Last Friday, the Obama Administration released two major rules providing additional guidance on the Patient Protection and Affordable Care Act (PPACA).
The first was written by the Department of Health and Human Services and details a variety of important exchange-related topics. In tandem, HHS also released a fact sheet with previously released regulations intended to provide information on the progress of setting up federal exchanges.
The second regulation addresses the Multi-State Plan Program (MSPP) and was released by the Office of Personnel Management.
The HHS rule, totaling 373 pages, is intended to give additional guidance on numerous topics and most notably contains some long-awaited information on federal health insurance exchanges. In addition, the new regulation provides specifics on the PPACA's risk adjustment, reinsurance and risk corridor programs, cost sharing reductions and advance payments of premium subsidies, as well as some conforming and largely technical changes to the medical loss ratio rules.
In a win for agents and brokers, the HHS regulations envision producers selling health insurance through the federal exchange(s). HHS had mentioned an agent role in previous guidance, but until now had not released any official documentation on the matter.
Although many details will still need to be released on exactly how producers will function within the exchanges, this is a positive step for Big “I” members. This is especially true since so many states will forgo setting up their own exchange, instead letting the federal government step in.
The HHS announcement also addresses producer compensation in vague language on page 240. The agency proposes that agent and broker compensation must be the same both inside and outside of exchanges for "similar health plans." The regulation states this is an effort to create a "level playing field," and that federal exchanges will only certify an insurer if its plans comply with the new compensation rules.
Also, the regulation states that only agents and brokers who complete registration and training stipulated by the federal exchange may have their information displayed on the exchange's website. Details on exactly how these registration and training programs will work have yet to be provided.
In other notable developments from the new HHS regulations, the department proposes insurers pay a user fee of 3.5% of premiums for each plan they sell through an exchange. This is intended to cover the administrative cost of running the exchange(s), and may be adjusted over time. The regulations also build off previously issued guidance on a trio of new programs—the risk adjustment, reinsurance and risk corridor programs—intended to reduce the impact of adverse selections created when exchanges are up and running.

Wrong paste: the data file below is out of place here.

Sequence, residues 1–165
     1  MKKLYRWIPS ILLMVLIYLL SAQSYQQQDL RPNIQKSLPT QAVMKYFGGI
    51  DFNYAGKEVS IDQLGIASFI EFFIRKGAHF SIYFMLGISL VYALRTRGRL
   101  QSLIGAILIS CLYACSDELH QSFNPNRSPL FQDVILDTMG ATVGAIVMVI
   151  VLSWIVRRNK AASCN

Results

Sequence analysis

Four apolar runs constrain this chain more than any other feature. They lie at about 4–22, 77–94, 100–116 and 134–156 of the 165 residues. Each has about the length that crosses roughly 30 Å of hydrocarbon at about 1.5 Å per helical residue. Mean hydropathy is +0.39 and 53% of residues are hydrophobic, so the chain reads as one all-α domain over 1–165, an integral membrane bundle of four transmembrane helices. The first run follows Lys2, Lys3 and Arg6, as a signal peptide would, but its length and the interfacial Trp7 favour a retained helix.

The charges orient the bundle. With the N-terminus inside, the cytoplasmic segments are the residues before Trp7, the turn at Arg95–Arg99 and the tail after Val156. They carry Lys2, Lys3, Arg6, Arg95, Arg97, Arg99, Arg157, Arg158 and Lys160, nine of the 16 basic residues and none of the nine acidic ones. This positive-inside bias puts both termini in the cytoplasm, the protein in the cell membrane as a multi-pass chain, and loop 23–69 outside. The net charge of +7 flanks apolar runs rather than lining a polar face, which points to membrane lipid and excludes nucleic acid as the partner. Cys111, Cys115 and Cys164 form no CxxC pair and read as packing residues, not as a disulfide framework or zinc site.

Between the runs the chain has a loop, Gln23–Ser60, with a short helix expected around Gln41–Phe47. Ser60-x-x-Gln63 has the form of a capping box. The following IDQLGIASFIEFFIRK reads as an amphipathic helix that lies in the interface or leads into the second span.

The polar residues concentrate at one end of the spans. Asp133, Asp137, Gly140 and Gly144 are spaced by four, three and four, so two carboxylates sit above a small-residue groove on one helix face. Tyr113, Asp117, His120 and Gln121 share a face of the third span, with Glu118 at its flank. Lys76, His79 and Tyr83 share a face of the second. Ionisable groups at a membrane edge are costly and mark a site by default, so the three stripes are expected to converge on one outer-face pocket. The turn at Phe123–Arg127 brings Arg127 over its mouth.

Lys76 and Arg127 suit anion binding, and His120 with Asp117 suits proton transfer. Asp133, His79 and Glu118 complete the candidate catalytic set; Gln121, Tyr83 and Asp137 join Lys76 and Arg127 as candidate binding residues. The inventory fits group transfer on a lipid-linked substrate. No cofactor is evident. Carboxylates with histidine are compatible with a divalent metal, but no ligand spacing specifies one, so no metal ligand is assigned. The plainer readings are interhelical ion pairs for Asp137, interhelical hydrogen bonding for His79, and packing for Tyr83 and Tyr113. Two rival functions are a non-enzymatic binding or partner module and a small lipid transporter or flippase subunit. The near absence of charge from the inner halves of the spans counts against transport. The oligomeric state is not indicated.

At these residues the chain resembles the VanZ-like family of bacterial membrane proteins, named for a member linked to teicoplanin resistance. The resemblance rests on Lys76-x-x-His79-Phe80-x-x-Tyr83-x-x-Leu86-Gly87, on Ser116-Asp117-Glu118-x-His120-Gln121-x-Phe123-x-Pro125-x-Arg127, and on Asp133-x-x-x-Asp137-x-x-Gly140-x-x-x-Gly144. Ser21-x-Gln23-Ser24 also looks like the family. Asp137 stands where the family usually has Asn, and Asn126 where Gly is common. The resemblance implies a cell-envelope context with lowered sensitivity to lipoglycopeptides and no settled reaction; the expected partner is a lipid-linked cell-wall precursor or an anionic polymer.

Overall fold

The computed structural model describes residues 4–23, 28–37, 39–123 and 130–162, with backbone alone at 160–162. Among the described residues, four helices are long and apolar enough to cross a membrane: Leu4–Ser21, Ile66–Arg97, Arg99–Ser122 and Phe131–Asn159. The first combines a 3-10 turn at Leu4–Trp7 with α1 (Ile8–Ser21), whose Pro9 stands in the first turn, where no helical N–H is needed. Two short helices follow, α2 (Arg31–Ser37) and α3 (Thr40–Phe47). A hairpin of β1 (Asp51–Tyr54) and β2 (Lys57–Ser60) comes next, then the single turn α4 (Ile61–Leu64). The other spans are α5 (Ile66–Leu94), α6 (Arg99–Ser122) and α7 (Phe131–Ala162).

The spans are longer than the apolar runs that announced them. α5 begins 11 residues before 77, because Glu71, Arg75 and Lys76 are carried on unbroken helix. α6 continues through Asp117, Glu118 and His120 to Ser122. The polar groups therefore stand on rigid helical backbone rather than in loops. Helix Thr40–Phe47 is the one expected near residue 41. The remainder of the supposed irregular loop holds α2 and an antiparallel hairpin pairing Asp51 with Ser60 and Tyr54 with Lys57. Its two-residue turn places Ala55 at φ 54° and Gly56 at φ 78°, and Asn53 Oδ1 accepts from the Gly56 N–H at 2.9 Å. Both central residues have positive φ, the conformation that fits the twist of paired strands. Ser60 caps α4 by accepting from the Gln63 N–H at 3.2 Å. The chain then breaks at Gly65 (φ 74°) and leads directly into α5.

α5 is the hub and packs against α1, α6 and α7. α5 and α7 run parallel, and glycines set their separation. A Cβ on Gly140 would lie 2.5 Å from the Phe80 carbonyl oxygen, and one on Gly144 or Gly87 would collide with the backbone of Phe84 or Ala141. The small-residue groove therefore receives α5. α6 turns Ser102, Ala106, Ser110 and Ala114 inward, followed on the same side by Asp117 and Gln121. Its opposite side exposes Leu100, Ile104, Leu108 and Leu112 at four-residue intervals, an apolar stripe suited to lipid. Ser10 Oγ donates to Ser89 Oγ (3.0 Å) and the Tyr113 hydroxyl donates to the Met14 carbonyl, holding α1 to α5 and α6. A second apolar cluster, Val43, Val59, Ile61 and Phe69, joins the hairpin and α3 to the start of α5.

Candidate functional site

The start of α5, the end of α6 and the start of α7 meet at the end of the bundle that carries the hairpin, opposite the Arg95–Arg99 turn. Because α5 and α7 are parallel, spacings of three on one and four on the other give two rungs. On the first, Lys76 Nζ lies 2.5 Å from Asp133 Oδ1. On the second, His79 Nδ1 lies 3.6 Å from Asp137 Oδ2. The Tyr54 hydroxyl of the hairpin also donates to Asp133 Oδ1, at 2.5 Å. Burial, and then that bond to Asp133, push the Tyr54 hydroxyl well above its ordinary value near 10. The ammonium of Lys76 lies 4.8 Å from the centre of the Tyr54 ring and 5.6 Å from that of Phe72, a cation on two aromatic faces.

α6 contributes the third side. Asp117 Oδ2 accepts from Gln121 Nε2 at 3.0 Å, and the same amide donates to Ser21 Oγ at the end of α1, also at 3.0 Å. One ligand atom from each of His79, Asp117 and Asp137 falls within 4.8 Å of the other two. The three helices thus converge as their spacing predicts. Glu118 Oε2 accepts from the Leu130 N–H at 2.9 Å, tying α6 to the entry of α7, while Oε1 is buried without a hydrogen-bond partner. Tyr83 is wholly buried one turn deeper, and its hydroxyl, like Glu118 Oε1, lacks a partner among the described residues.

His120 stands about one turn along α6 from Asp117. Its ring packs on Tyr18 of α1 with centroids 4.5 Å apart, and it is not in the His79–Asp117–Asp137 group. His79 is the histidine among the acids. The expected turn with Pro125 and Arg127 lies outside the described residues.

In the MLR portion of the regulations, HHS intends to change the MLR formula to adjust for the monetary impact of the three risk adjustment programs. The rule also proposes a two-month delay in MLR rebate payments for consumers while the new MLR formula is administered.
The second set of regulations, written by the OPM, provides new details on MSPP. Multistate plans are health plans to be offered through exchanges on a national level. The terms for these plans will be negotiated and administered directly by the OPM.
By 2017, exchanges in every state must carry at least two multistate plans, one of which must be a nonprofit. The multistate plan concept was created by the drafters of the PPACA with the stated intention of increasing competition and giving consumers access to the same health care as federal government workers.
But many worry these plans could compete on an uneven playing field with private plans within the exchanges, since they are administered by the federal government and do not have to comply with many of the normal plan rules.
Many additional details have yet to be released by the Obama Administration on the PPACA, including topics such as the navigator programs and greater detail on the agent role in federal exchanges. The Big “I” government affairs team will continue to share information through IN&V as it is released.
Ryan Young is Big “I” senior director of federal government affairs.